The Secret Life of a Research Administrator | Critters

By SRAI News posted 20 days ago

  

The Secret Life of a Research Administrator | Critters

“The Secret Life of a Research Administrator” column is meant to facilitate more personal connections between SRAI members through the Catalyst newsletter. If you would like to share with the community or know of someone who will, please submit your article here.

As research administrators, we are very much tied to our computers and an online environment. However, there is a whole world out there that lives while we focus on grants and deadlines. While I live in the suburbs, there is an entire natural ecosystem that exists around me.  Including critters. Most of my neighborhood considers critters pests. Your hungry raccoons, your mysterious possums, your lonely stray cats. Your vacationing ducks. If left alone, these critters will cause local damage. Kind of like leaving your Principal Investigator alone to submit his/her own proposal.

As the sun fades, I help feed the critters in our neighborhood, under the theory that a fed animal will not cause damage in hunting for food. I have families of raccoons who have grown up with me and will eat by hand. I have baby possums that I have caught and relocated to a wildlife habitat. I have stray cats, many who have been caught and homed.  And, I have a neighborhood peacock who likes my bushes. While initially I had many complaints or odd stares, neighbors now appreciate the results, as there are fewer issues in their backyards. It turns out that the previous owner of our home managed a rescue facility here, so the critters became accustomed to finding a friendly rest stop or meal.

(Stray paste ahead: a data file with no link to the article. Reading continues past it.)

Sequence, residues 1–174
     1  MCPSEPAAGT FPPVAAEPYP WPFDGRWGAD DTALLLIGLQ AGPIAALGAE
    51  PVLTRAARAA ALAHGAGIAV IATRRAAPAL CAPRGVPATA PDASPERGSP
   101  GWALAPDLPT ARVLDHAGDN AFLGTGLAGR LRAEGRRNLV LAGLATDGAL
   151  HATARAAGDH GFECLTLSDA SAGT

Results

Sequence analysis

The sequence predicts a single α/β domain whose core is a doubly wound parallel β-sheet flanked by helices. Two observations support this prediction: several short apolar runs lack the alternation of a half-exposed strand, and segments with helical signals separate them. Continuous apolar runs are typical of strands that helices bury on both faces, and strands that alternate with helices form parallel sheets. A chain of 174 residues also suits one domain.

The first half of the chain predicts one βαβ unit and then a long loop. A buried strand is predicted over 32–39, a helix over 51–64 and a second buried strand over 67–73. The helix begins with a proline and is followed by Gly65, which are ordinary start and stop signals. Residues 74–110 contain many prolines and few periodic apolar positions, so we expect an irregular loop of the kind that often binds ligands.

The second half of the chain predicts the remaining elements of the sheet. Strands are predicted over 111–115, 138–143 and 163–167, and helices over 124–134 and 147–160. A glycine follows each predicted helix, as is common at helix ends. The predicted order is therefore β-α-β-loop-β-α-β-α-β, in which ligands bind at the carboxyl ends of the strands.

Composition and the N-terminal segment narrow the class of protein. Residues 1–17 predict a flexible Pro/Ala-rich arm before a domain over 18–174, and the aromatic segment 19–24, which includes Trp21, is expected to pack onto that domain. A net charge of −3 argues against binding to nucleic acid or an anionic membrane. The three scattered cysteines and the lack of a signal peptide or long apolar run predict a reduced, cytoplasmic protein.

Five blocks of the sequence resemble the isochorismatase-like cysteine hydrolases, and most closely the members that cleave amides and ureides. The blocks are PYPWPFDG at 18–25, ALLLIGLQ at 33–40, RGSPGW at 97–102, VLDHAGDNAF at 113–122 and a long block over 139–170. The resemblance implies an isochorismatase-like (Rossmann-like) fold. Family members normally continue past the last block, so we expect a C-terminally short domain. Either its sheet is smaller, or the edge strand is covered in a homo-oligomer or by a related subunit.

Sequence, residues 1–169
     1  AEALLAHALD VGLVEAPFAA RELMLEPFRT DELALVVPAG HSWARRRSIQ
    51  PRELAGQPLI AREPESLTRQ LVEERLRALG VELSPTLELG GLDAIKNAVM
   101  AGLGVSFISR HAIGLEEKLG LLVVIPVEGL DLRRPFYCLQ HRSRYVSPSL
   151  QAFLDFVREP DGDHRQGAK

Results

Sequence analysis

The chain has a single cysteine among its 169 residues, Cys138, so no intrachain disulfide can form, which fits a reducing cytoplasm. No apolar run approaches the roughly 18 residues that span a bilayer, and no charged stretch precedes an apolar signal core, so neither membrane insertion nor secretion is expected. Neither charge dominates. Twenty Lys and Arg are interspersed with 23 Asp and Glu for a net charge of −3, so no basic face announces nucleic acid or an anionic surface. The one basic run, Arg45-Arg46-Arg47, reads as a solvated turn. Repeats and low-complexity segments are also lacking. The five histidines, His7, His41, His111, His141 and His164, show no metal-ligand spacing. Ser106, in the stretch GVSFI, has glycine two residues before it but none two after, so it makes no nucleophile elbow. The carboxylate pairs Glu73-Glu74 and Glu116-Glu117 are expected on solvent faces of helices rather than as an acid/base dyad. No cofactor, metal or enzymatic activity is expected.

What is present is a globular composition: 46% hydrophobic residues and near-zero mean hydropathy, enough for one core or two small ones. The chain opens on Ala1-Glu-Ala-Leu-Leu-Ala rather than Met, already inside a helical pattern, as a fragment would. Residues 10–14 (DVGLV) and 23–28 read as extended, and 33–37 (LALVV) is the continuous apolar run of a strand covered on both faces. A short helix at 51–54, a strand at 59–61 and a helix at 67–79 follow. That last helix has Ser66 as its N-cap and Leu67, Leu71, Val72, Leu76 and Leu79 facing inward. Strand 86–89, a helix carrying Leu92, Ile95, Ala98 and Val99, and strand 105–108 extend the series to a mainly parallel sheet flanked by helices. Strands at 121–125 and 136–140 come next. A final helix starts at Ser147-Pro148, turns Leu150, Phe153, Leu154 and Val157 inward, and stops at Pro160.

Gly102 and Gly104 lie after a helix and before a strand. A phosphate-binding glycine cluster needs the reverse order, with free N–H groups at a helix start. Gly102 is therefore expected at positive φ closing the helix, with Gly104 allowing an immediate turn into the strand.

There is great pleasure in “giving back” to the animal community and fostering a relationship with nature. We are in what was once their backyard, so the theory is that we need to find a way to live together. It’s an unusual after-hours hobby but a rewarding one. The one difference between my day and night jobs – I don’t have to feed my PI’s or clean up after them.


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Authored by Mark Lucas, Chief Administrative Officer
University of California, Los Angeles Department of Neurobiology

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